Medical abbreviations are generally used to boost efficiency in medicine. It is important that these abbreviations are used intelligently to ensure that they convey information in a much easier way (ISMP, 2004). In some cases the use of brevity can result to distorted meanings. It is prudent that medical abbreviations that do not meet these conditions should be avoided.Similarity and ambiguity in medical abbreviations makes it difficult to use them without creating errors. Some physicians have argued that elimination of these abbreviations would prevent errors in medication (ISMP, 2004). However, elimination of medical abbreviations would force physicians to write out long medical terms.Several organizations have developed policies that outline which abbreviations should be avoided. Serious medication errors may arise from use of inappropriate medical abbreviations for drug names during prescriptions. Patients could receive unintended medication which could be detrimental to their health.Due to similarities and ambiguity in medical abbreviations it is prudent that policies are developed by organization to avoid the use of various ambiguous abbreviations.
Abbreviation/ Dose ExpressionIntended MeaningMisinterpretationMagnesium SulfateMistaken for Morphine Sulfate(MSO4)Write out magnesiumMorphine SulfateMistaken for Magnesium Sulfate(MgSO4)Write out MorphineIn addition to similarities and ambiguity some errors simply arise from writing illegibly. Hence it is also important that physician prioritize legible writing. Policies recommend safer alternatives to ambiguous symbols. These alternatives should be widely known among the staff. The staff should familiarize with these abbreviations including internal communications, telephone /verbal prescription, computer generated labels for drug storage bins/shelves., medications administration records as well as pharmacy and prescriber computer order entry screens. The ultimate purpose of using coordinated abbreviations is to protect patients from erroneous prescriptions. These policies should list the common errors that are often committed within the medical domain. These policies should then show the likely consequences that may arise from these errors. Then the policies should include the alternative terms that should be applied to check the anomaly.The joint commission after the November 2004 summit developed the do not use list of medical abbreviation s and received positive comments regarding this attempt. The "do not use" list of abbreviations is a simple table that show the errors that are likely to be committed through the use of medical abbreviation while at the same time providing viable alternatives (Joint commission, 2009). This list of abbreviations is accredited for use in handwritten as well as printed forms. The new abbreviations to be used should be implemented at the soonest time possible. The previous discarded abbreviations should be eliminated for all printed lists and books. The new list should be printed and provided to the staff at all relevant. Monthly reminders to relevant people should be done monthly to ensure that this list is not forgotten (Joint commission,2009). Through the use of these practices physicians can benefit from reduced error levels.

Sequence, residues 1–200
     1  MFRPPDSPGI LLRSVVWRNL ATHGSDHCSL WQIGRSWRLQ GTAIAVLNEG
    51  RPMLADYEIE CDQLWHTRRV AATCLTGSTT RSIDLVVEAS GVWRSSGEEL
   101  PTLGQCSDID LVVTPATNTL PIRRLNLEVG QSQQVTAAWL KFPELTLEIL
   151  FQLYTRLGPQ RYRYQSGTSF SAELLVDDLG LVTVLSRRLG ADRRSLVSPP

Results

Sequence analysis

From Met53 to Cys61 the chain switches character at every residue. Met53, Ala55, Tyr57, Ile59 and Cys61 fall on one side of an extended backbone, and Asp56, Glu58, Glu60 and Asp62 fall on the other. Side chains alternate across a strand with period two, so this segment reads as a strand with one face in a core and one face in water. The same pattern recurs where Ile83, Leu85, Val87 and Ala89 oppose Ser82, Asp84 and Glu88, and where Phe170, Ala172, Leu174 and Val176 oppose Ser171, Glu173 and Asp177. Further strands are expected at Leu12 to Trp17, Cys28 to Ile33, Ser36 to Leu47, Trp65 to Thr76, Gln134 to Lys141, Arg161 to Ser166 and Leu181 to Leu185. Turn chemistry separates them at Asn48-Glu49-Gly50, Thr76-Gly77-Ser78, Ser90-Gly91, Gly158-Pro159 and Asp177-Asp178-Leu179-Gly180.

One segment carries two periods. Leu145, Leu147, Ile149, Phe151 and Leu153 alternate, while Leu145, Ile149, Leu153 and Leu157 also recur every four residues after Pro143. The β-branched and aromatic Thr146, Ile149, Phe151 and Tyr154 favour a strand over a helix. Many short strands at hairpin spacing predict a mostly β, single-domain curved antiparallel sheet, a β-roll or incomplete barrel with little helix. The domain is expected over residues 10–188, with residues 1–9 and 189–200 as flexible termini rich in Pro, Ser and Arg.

The application and use of these abbreviations has been widely adopted but has not been done universally. Bodies such as the joint commission and NGOs such as the institute of safe medical practices have developed policies that govern the use of abbreviations. A universal approach of the same would assist the medical fraternity use similar list of abbreviationsThe use of abbreviations helps physician use short, precise and understandable short-forms to pass on information. This enables the use of short form instead of potentially long statements. The use of brevity has however resulted to erroneous misinterpretation of the underlying meaning. This has resulted in erroneous prescriptions. Correction of these errors will better the use of abbreviations.